Inside the little sepia-images:
The first historical image depicts the native american Ohlone people, eating oysters and looking across the bay to the shore below San Bruno Mountain as it used to look like, before the bay was filled there.
The second vignette is based on a photograph dating 1913, and shows cattle ranches and two roads crossing, which would later become Brisbane's main streets: Visitacion Avenue and San Bruno Street.
The third image represents the 1930's, when a sign on Bayshore boulevard used to advertise lots for sale in Brisbane for $100. In the foreground, the first all-volunteer Brisbane Fire Department is shown, along with its first fire engine.
The following sepia image is set in the 1950's, and shows the "Western Days" festivities, which used to include a parade with horses and majorettes.
A contemporary view of Brisbane is painted in color in the center of the mural, within the shape of a Mission Blue butterfly, an endangered species native to San Bruno Mountain.
To the right of the butterfly, the fifth sepia vignette shows hands raised in a protective gesture in front of Brisbane and San Bruno Mountain. This represents the activism of the people of Brisbane, and the way they have shaped their community in recent decades. The see-though picket signs show parts of the landscape as it would have looked if the community had not intervened.
The picket signs are shaped like stop signs, and show several issues that have rallied the local community over the years. Among these are: stopping the landfill in the bay, stopping plans for the leveling and urbanization of San Bruno Mountain, stopping the construction of an incinerator, stopping the truck traffic on Quarry Road and the quarry itself, and stopping the spread of invasive plants.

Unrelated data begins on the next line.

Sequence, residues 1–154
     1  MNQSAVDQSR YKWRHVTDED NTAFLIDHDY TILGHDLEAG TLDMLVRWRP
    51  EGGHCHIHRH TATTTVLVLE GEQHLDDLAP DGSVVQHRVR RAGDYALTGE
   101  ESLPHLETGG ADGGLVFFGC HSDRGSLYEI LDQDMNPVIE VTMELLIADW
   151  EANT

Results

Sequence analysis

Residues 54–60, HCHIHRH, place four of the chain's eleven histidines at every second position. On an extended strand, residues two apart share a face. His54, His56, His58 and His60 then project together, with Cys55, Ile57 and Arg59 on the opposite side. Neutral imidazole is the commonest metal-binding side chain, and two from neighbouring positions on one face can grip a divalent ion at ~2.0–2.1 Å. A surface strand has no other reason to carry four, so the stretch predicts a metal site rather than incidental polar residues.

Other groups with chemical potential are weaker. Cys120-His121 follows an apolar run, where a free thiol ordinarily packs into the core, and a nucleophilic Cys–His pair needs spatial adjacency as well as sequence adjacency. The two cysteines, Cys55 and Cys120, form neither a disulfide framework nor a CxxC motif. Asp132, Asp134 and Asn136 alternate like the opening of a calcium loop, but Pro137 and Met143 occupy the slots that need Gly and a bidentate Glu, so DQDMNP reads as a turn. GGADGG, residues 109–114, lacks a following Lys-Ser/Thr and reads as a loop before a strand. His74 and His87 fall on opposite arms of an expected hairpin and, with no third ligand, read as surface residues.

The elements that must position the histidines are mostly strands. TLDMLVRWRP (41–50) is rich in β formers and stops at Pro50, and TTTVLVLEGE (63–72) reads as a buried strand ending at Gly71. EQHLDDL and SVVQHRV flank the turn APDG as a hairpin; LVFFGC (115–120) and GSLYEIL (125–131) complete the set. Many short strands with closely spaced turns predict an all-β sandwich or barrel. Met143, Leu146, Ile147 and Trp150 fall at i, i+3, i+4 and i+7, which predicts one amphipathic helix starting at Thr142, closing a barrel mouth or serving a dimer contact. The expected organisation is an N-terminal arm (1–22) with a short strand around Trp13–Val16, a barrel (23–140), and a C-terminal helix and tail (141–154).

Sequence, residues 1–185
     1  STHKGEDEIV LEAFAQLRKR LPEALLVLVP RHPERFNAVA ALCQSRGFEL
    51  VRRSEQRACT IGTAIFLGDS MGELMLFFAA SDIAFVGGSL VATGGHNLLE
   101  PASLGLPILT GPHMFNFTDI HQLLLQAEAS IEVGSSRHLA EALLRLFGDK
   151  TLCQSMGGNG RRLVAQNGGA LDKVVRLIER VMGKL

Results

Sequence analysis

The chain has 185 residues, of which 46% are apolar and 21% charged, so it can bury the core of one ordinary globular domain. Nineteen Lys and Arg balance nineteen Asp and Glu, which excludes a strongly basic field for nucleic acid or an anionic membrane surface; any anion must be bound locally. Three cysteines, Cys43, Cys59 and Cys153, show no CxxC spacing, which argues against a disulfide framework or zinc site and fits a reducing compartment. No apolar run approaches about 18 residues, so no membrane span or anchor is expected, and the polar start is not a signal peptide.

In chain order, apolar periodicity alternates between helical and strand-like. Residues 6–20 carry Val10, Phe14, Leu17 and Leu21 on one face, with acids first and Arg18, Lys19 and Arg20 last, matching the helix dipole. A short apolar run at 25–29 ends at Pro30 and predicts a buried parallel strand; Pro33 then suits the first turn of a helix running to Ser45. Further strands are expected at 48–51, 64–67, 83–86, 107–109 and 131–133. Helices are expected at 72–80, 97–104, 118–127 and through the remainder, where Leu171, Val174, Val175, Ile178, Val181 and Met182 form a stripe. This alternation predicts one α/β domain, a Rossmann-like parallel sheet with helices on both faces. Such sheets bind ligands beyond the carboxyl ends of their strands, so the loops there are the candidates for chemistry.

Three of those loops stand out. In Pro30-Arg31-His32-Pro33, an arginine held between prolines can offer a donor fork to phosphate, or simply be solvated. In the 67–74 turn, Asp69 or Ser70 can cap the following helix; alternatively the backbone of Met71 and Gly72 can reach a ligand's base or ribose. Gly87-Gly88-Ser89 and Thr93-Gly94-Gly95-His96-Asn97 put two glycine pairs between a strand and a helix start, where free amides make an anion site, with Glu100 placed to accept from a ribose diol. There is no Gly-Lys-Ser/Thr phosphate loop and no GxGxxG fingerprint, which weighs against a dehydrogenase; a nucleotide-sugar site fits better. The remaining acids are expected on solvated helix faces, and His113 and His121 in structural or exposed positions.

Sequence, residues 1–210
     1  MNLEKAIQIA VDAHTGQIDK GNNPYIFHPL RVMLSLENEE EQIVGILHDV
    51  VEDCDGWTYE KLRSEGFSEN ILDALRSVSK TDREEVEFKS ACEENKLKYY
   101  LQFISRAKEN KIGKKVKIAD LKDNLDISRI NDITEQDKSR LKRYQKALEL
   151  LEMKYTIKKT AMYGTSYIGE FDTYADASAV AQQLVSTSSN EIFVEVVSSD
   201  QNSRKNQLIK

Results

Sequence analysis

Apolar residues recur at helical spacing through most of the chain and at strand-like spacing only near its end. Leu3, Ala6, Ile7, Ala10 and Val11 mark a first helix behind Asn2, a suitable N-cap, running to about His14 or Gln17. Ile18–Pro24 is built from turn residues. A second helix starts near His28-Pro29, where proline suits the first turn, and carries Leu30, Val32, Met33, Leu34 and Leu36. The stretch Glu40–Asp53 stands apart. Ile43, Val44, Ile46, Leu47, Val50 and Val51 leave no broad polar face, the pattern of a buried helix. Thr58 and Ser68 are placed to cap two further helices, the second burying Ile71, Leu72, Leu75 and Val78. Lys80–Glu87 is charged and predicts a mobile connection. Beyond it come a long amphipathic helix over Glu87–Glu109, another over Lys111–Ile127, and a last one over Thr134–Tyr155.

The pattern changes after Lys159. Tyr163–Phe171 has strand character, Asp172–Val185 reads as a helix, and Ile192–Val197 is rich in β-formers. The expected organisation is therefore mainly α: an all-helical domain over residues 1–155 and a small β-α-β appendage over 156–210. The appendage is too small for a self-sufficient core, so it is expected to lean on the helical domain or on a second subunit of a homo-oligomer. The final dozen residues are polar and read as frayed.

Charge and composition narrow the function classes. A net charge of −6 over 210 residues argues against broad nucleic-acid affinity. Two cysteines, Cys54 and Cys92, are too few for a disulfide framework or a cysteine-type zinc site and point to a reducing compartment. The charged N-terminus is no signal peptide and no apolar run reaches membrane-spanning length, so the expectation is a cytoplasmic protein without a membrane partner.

The sixth vignette shows two amongst many contrasting lifestyles that exist around the edges of Brisbane: In the far background, the newest housing development on the Eastern Ridge (which was built on the sensitive habitat of several rare endemic species) offers a life with all amenities.
By contrast, in the foreground, the remarcable hand-made tree dwelling of local mountain hermits Besh and Thelma in Owl Canyon represents a very frugal but truly unique way of life.
The couple lived on the mountain for 12 years, but at the time this mural was being painted, their hobbit-like dwelling, was being threatened by county authorities, citing a law that prohibits living on the mountain. They were ultimately chased off and their home was destroyed in late 2002.
At the right end of the mural, the painted book contains artwork by 15 local children, whom I asked to imagine and draw a future Brisbane.
The book then flutters away becoming a Mission Blue butterly.
Special thanks for spearheading this project to Dianne Washington, Lisa Worthington, and BEST.
Thanks also to David Schooley, Beth Grossman, Chris Carlsson, Jason Leonard, San Bruno Mountain Watch, and the town of Brisbane.